1985: Love in the Time of Cholera by Gabriel Garcia Marquez

1986: Perfume by Patrick Suskind

1987: The New York Trilogy by Paul Auster

1988: Libra by Don DeLillo

1989: A Prayer for Owen Meaney by John Irving

1990: Blonde by Joyce Carol Oates

1991 – 2000

1991: Seeing Things by Seamus Heaney

1992: The Secret History by Donna Tartt

1993: Paddy Clarke Ha Ha Ha! By Roddy Doyle

1994: The Skriker by Caryl Churchill

1995: Behind the Scenes at the Museum by Kate Atkinson

1996: Reading in the Dark by Seamus Deane

1997: The God of Small Things by Arundhati Roy

1998: Birds of America by Lorrie Moore

1999: Plainsong by Kent Haruf

2000: The Blind Assassin by Margaret Atwood

2001 – 2010

2001: Bel Canto by Ann Patchett

2002: Fingersmith by Sarah Waters

2003: We Need to Talk About Kevin by Lionel Shriver

2004: Cloud Atlas by David Mitchell

2005: The Year of Magical Thinking by Joan Didion

2006: The Arrival by Shaun Tan

2007: Remainder by Tom McCarthy

2008: A Fraction of the Whole by Steve Toltz

2009: A Scattering Christopher Reid

2010: A Visit from the Goon Squad – Jennifer Egan

2011 – 2015

2011: Ready Player One by Ernest Cline

2012: Wild by Cheryl Strayed

2013: Tenth of December by George Saunders

2014: A Girl is a Half Formed Thing by Eimear McBride

2015: Tender by Belinda McKeon

Any of these take you back to a specific year? Or is anyone else tempted to make a list of their own? I’d quite like to do the same for music and movies, if I can find the time!

Top Ten Tuesday – Friendship

 

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Top Ten Tuesday is an original feature/weekly meme created over at The Broke and the Bookish and this week the theme is friendship. Once I’d written my list, I quickly realised that I haven’t exactly chosen books about friendships, rather I have chosen books which contain striking friendships. So, rather than do it all again, I hope you’ll indulge me!

 

1. Roseanne McNulty and Dr William Grene
From The Secret Scripture by Sebastian Barry
Roseanne McNulty, nearing 100 years old has been interred in a mental institution since she was a young woman. With the hospital facing closure, it is up to Dr William Grene to decide where Roseanne should go. In researching what brought her to this place, Dr Grene finds himself becoming more and more attached to his elderly charge and in tracing her unknowable past, shares his own losses and hurts. As they search for their own personal truths in this artfully constructed novel, they find their histories are more intertwined that could have been imagined and their friendship builds to a climax that is both heartrending and moving.

The world is not full of betrayers, it is full of people with decent motives and a full desire to do right by those who know them and love them. This is a little-known truth, but I think it is a truth nonetheless. Empirically, from all the years of my work, I would attest to that. I know it is a miraculous conclusion, but there it is. We like to make strangers of everyone. We are not wolves, but lambs astonished in the margins of the fields by sunlight and summer.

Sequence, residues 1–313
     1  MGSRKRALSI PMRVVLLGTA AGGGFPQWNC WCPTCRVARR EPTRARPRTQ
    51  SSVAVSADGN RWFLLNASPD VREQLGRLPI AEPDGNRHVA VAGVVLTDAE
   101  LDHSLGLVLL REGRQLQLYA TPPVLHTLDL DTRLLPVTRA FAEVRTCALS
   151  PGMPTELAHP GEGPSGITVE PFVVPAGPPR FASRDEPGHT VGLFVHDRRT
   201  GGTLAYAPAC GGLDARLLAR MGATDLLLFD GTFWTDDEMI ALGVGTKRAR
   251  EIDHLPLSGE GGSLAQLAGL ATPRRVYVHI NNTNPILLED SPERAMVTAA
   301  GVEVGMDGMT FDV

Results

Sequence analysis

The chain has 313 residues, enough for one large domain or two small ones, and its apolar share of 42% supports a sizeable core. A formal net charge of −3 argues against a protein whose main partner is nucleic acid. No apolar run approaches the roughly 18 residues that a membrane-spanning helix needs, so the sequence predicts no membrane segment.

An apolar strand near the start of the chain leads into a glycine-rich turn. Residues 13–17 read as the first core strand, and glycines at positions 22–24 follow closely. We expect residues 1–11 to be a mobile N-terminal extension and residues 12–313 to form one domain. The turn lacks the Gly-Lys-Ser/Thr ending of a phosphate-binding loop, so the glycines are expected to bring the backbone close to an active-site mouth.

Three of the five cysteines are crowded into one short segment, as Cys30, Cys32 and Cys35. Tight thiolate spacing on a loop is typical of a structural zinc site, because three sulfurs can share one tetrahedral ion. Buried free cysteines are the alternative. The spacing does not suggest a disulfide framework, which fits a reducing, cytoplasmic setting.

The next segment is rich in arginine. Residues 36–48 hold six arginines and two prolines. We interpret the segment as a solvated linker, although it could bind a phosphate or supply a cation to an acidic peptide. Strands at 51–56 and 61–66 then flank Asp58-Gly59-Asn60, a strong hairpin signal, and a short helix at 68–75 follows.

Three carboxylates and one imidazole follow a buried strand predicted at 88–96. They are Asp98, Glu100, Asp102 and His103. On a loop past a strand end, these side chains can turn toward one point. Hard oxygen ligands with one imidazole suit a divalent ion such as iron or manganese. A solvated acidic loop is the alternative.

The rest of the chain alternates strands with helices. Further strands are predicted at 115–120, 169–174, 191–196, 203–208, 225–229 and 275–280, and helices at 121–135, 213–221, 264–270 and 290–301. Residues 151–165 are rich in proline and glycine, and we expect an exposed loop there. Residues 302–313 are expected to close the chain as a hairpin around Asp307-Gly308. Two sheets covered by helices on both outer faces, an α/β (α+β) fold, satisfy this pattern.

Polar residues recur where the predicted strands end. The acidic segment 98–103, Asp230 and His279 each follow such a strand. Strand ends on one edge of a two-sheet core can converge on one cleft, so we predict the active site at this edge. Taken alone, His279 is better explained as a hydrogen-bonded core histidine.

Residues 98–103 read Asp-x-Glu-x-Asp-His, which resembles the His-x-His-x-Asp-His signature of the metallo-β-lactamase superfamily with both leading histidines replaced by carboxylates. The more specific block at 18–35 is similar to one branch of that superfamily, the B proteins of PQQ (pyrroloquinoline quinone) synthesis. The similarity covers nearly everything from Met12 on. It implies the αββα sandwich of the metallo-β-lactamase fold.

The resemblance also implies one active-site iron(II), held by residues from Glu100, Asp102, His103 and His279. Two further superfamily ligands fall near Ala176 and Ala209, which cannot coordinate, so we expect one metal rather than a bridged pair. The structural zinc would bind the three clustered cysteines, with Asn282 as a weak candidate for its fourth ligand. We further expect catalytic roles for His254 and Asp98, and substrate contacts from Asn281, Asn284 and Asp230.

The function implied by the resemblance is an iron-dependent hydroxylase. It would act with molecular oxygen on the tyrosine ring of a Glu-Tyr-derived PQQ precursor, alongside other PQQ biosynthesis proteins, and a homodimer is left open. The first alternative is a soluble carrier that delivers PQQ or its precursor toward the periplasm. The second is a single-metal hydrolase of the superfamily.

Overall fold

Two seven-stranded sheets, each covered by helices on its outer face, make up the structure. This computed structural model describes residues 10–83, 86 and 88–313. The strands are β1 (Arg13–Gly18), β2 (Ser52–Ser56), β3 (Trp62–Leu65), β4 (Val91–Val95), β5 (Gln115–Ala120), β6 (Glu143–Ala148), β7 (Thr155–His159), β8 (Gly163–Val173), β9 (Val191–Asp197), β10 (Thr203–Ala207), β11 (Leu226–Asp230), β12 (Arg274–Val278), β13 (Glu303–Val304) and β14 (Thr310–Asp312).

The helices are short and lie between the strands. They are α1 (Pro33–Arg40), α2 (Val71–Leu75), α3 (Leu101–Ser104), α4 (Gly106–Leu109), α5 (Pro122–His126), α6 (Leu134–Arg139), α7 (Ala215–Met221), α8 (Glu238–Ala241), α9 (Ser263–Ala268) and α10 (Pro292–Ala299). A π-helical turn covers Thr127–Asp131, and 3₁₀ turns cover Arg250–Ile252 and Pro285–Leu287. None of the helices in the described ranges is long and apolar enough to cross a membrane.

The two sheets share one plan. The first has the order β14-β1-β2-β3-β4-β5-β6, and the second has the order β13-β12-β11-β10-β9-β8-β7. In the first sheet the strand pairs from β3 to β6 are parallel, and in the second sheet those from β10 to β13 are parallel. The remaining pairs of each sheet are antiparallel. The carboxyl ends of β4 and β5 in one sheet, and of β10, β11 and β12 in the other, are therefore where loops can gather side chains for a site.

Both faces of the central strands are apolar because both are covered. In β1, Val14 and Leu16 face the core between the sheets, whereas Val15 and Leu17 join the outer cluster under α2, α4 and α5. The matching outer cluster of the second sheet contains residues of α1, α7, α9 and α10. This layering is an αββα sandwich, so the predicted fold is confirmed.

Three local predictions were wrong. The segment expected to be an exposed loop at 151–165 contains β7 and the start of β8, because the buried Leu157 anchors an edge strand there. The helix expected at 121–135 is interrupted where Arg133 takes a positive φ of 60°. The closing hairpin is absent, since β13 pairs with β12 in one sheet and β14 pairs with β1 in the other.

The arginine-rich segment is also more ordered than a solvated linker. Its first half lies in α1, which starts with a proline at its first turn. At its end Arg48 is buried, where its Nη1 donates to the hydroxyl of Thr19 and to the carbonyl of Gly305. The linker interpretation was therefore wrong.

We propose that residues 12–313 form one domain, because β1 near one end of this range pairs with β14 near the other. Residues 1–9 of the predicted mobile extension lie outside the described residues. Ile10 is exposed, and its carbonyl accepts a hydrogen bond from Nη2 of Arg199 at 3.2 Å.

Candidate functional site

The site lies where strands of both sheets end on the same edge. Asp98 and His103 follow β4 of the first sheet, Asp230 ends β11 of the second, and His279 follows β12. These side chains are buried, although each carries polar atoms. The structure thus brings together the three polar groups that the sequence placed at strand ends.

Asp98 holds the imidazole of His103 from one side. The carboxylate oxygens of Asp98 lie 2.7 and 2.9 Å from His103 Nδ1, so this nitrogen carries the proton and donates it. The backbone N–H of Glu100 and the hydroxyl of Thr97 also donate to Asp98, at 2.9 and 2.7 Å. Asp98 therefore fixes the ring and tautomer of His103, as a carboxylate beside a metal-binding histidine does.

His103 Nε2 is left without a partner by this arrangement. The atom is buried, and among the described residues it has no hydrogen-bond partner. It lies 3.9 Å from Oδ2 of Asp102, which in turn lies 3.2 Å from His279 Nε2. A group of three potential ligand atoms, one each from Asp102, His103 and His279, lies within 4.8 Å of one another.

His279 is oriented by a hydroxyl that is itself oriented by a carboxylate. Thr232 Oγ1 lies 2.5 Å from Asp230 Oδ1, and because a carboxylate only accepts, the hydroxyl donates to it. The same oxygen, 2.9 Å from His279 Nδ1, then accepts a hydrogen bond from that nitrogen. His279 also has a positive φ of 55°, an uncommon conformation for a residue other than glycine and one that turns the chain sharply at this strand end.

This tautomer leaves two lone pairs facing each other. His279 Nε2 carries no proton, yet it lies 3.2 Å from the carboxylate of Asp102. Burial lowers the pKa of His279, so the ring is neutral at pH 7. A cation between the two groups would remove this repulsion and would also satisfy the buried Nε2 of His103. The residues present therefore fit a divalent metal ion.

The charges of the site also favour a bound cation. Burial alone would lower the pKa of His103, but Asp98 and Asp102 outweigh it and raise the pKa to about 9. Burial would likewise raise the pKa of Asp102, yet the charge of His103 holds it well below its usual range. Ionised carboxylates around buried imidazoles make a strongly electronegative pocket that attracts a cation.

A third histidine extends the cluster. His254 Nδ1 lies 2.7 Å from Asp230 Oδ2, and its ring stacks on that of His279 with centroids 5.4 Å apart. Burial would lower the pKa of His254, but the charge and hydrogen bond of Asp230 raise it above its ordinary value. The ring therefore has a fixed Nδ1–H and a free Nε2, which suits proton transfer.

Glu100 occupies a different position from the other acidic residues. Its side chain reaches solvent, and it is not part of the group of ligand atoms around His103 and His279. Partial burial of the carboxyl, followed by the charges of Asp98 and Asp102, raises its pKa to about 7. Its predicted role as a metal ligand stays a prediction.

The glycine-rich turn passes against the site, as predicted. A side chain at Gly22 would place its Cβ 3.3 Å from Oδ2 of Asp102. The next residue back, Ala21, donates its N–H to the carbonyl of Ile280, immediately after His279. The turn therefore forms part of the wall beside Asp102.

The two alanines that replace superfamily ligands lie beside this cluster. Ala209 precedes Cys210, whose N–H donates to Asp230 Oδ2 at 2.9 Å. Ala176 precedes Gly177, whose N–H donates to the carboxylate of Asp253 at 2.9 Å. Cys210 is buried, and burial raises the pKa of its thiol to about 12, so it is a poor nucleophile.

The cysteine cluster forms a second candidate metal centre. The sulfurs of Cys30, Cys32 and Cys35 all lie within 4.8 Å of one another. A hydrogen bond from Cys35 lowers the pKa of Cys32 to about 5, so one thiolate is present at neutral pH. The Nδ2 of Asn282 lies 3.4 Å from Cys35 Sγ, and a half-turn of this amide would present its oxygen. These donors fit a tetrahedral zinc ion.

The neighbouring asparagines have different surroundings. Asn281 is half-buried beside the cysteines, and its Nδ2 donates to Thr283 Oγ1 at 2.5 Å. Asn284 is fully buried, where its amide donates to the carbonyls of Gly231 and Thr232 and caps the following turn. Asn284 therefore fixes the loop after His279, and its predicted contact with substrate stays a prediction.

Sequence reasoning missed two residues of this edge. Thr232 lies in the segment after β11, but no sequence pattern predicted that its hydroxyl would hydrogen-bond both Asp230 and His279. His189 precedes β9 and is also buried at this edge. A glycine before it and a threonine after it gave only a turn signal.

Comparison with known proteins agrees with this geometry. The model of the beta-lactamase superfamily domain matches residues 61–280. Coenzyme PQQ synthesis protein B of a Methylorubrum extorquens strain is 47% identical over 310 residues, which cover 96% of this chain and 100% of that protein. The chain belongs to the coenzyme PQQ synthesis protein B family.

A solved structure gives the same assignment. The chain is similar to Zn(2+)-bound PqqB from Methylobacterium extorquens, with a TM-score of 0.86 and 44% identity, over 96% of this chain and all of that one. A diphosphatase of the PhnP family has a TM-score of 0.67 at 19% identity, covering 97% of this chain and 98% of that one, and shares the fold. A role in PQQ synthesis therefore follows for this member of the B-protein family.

2. Owen Meany and John Wheelwright
From A Prayer for Owen Meany by John Irving
During a baseball game in New Hampshire in 1953, one eleven year old boy – Owen Meany, hits a ball that kills his best friend’s mother in a freak accident. But Owen doesn’t believe in accidents and despite being severely undersized, with a voice defect, and tortured by his classmates, maintains a heart-warming and selfless friendship with the friend whose mother he killed and comes to command love, respect and fear before dying his predestined hero’s death.

It makes me ashamed to remember that I was angry with him for taking my armadillo’s claws. God knows, Owen gave me more than he ever took from me—even when you consider that he took my mother.

3. Tyler Durden and Narrator
From Fight Club by Chuck Palahniuk
“It’s only after you’ve lost everything,” Tyler says, “that you’re free to do anything.”
What does a good friend do? Allow you to be your true self? Give you courage to make hard decisions? Let you make mistakes without prejudice? Then let’s face it, Tyler Durden is a pretty good friend to our insomniac unnamed Narrator in Fight Club. The imaginary friend writ large, Durden is the perfect creation, everything the narrator is not. Or so he believes….

 

I love everything about Tyler Durden, his courage and his smarts. His nerve. Tyler is funny and charming and forceful and independent, and men look up to him and expect him to change their world. Tyler is capable and free, and I am not.

 

4. Vladimir and Estragon
From Waiting for Godot by Samuel Beckett

When you think of Waiting for Godot, friendship doesn’t necessarily spring to mind. It’s a play of stagnation. Of waiting for that which won’t come, of the futility of that waiting and of our inability to escape it. But one important thing is, Didi and Gogo and waiting together. Their relationship is one of dependence and intertwinement and it is impossible to imagine these clowns without the other. This is a shared loneliness, and it is their friendship and its stark contrast to the relationship between Pozzo and Lucky that give the play its brief moments of hope, humour and warmth.

Estragon: [on one leg] I’ll never walk again.
Vladimir: [tenderly] I’ll carry you. [Pause.] If necessary

 

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5. Emilia and Desdemona
From Othello by William Shakespeare